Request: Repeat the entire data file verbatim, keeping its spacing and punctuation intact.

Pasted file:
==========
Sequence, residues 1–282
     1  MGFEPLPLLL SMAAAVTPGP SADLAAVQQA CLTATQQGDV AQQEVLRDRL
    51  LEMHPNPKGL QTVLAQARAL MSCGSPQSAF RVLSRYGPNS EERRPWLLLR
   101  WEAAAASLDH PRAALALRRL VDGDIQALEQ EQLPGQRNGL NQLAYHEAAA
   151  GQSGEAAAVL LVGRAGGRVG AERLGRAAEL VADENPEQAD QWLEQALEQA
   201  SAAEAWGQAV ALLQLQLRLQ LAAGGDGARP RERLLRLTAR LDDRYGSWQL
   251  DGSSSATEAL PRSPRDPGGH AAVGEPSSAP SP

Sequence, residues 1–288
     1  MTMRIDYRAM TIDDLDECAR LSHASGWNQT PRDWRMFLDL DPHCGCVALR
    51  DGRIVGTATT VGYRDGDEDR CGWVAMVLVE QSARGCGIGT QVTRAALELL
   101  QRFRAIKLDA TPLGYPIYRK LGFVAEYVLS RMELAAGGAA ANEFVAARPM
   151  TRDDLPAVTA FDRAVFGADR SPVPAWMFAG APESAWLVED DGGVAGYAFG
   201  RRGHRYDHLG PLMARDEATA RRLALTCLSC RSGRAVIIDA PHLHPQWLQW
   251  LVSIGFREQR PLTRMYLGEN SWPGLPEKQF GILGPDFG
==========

Sequence, residues 1–282
     1  MGFEPLPLLL SMAAAVTPGP SADLAAVQQA CLTATQQGDV AQQEVLRDRL
    51  LEMHPNPKGL QTVLAQARAL MSCGSPQSAF RVLSRYGPNS EERRPWLLLR
   101  WEAAAASLDH PRAALALRRL VDGDIQALEQ EQLPGQRNGL NQLAYHEAAA
   151  GQSGEAAAVL LVGRAGGRVG AERLGRAAEL VADENPEQAD QWLEQALEQA
   201  SAAEAWGQAV ALLQLQLRLQ LAAGGDGARP RERLLRLTAR LDDRYGSWQL
   251  DGSSSATEAL PRSPRDPGGH AAVGEPSSAP SP

Sequence, residues 1–288
     1  MTMRIDYRAM TIDDLDECAR LSHASGWNQT PRDWRMFLDL DPHCGCVALR
    51  DGRIVGTATT VGYRDGDEDR CGWVAMVLVE QSARGCGIGT QVTRAALELL
   101  QRFRAIKLDA TPLGYPIYRK LGFVAEYVLS RMELAAGGAA ANEFVAARPM
   151  TRDDLPAVTA FDRAVFGADR SPVPAWMFAG APESAWLVED DGGVAGYAFG
   201  RRGHRYDHLG PLMARDEATA RRLALTCLSC RSGRAVIIDA PHLHPQWLQW
   251  LVSIGFREQR PLTRMYLGEN SWPGLPEKQF GILGPDFG